A survey conducted by the firm of Berwin Leighton and Paisner, released on 10th January 2017, investigated and reported on the attributes that are taken into account by parties when nominating an arbitrator and the importance given by parties to each of these factors. In determining the tribunal, the expertise of an arbitrator is placed the highest on the list of attributes ranked by importance. The Survey reports “93% of respondents felt that a potential candidate’s expertise was either ‘very important’ or ‘important’”. The expertise of potential arbitrators was followed by efficiency, for which 91% of respondents opined as a “very important” or “important” consideration in the nomination process (page 9 of the Survey). Gender and ethnicity, on the other hand, was ranked lower on a stand-alone basis. Only 12% considered gender as “very important” or “important” factor, while 24% of the respondents found that ethnicity/national identity was worth consideration when nominating an arbitrator (page 8 of the Survey). However, when respondents were asked to view all the potential candidates as if they were all equal in regards to their level of expertise and experience, the results told a different story. “On gender, only 6% of respondents said “No”, it was not desirable to have gender balance. Other responses were evenly divided. 50% of respondents thought that it was desirable to have gender balance on arbitral tribunals but 41% thought “It makes no difference”.” (page 8 of the Survey),“Responses on ethnicity and national background followed a similar pattern with 54% saying “Yes”, 31% saying that “It makes no difference” and 10% saying “No”.” This reveals that there is quite a bit of work left to be done in achieving the degree of diversity with which all stakeholders can be happy.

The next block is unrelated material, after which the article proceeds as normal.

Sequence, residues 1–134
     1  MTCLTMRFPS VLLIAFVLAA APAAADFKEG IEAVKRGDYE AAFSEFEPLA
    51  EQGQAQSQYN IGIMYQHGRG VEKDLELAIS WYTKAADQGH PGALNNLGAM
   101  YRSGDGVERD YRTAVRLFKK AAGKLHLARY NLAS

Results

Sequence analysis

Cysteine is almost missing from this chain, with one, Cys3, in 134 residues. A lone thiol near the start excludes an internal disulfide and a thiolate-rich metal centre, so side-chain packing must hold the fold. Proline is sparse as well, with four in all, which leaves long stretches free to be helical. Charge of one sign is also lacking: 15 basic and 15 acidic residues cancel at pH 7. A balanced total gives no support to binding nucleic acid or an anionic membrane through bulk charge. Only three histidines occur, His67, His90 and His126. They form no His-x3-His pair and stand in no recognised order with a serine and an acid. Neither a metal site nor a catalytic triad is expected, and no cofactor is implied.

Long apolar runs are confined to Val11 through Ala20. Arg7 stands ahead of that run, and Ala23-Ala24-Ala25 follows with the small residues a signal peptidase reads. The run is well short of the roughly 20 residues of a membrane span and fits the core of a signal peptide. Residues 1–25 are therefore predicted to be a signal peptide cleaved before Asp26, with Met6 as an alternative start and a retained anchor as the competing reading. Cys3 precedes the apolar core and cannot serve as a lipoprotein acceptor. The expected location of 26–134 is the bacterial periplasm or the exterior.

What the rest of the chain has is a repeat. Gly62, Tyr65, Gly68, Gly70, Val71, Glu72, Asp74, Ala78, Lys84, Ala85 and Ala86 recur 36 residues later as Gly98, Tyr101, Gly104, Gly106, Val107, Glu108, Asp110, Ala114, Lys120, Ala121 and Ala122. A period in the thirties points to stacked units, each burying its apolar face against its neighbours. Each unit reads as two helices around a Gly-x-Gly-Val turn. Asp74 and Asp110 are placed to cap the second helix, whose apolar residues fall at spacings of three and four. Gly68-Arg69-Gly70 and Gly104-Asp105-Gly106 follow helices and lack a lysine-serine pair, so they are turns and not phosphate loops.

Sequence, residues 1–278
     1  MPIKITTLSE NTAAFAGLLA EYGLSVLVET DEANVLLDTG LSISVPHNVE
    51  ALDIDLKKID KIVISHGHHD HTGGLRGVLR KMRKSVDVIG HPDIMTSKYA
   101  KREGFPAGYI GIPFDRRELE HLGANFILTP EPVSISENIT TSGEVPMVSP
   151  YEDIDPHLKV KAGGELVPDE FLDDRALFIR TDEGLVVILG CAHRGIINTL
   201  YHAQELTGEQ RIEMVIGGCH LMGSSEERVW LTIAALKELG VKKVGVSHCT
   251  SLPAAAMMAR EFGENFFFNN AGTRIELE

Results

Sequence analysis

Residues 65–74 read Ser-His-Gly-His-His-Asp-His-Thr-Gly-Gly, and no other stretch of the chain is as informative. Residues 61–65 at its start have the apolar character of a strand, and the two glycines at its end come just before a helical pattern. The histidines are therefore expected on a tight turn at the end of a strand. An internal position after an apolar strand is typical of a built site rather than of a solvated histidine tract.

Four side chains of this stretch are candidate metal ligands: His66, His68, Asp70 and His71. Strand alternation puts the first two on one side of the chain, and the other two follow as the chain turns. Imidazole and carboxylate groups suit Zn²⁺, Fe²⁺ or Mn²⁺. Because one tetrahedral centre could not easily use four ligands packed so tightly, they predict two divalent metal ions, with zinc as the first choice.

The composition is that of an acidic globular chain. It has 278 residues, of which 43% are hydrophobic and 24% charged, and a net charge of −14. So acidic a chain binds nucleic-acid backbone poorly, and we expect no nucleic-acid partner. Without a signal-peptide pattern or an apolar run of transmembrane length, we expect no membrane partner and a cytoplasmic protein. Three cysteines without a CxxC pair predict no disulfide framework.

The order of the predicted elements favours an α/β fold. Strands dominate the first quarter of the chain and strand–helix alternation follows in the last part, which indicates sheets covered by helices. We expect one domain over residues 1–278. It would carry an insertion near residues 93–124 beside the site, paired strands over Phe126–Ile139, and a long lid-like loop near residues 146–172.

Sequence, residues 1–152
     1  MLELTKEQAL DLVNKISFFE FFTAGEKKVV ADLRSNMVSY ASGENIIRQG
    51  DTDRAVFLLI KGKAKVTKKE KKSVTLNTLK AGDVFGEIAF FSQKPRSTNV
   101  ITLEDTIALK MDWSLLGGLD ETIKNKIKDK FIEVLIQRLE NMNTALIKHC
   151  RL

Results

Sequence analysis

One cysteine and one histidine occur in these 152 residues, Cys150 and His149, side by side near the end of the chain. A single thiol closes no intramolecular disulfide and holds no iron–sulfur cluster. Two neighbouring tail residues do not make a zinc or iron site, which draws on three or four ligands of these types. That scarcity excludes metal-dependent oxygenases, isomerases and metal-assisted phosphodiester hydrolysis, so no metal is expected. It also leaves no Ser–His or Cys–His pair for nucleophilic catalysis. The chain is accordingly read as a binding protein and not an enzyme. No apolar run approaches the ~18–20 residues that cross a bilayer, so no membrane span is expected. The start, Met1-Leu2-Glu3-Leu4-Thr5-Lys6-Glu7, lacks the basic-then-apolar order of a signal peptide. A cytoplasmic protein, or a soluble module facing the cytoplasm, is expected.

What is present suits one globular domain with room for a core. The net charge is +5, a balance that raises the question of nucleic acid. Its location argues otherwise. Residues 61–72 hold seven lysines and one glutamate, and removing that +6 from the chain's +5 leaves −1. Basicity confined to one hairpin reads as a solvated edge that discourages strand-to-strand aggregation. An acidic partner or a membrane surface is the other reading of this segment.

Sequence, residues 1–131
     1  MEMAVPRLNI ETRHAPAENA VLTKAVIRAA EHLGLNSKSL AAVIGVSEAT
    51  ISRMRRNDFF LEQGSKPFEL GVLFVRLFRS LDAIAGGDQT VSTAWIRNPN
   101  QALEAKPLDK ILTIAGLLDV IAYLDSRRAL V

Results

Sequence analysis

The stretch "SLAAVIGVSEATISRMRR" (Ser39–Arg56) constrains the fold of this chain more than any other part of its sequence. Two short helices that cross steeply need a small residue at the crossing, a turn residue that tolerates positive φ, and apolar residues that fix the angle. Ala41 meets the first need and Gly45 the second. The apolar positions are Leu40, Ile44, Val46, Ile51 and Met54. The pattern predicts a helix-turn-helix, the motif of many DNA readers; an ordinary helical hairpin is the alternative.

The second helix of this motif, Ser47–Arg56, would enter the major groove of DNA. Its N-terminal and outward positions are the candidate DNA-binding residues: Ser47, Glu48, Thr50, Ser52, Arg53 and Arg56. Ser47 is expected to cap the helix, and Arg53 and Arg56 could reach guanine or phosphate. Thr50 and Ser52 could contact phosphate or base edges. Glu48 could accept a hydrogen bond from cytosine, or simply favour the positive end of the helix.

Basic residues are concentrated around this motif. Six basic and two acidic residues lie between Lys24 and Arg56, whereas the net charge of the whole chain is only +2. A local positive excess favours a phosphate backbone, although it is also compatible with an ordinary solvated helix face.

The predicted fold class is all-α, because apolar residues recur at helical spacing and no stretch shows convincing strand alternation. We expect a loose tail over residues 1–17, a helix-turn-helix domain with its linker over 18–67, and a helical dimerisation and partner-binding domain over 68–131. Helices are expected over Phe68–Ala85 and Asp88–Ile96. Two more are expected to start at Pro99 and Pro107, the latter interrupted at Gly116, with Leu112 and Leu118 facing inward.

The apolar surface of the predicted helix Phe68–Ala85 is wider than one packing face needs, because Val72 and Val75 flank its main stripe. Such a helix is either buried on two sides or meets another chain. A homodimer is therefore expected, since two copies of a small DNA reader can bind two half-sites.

From the above, it can be said that the international arbitration community has traditionally paid less attention to the extent to which women, non-Caucasian, persons who consider themselves to be part of the LGBT community or persons with disabilities have acceded arbitration tribunals. The international arbitration community has traditionally focused more on tribunals’ ability to effectively resolve disputes and has paid less attention to the constitution of these tribunals. Thus, due to the fact that international arbitration is more sophisticated in Europe and North America, one finds that the arbitrators have been predominantly white. This enduring dominance of the white Caucasian male is worrying. For all their effort, due to traditional biases, women and non-Caucasian aspirants are finding difficult to accede international arbitral tribunal panels, thereby prompting the international arbitration community to make deliberate attempts to enhance participation of these marginalized groups.
III. A Deliberate Improvement in the Degree of Diversity in International Arbitration
Over the last few decades, the changing and changed arbitration community has awakened to wonder whether this narrow mould represents the best resourcing for the resolution of disputes, which bring into play dozens of different legal systems, cultures, and expectations. Increasing appreciation of the diversity deficit that is being currently experienced in international arbitration has prompted a call to action by many stakeholders. The aim is to ensure that international arbitration is able to attract the best talent by ensuring that all suitably qualified persons have a fair opportunity to participate regardless of ethnicity, gender, age or any of the other variables commonly associated with diversity. Therefore, the conversation has turned to a serious consideration of diversity.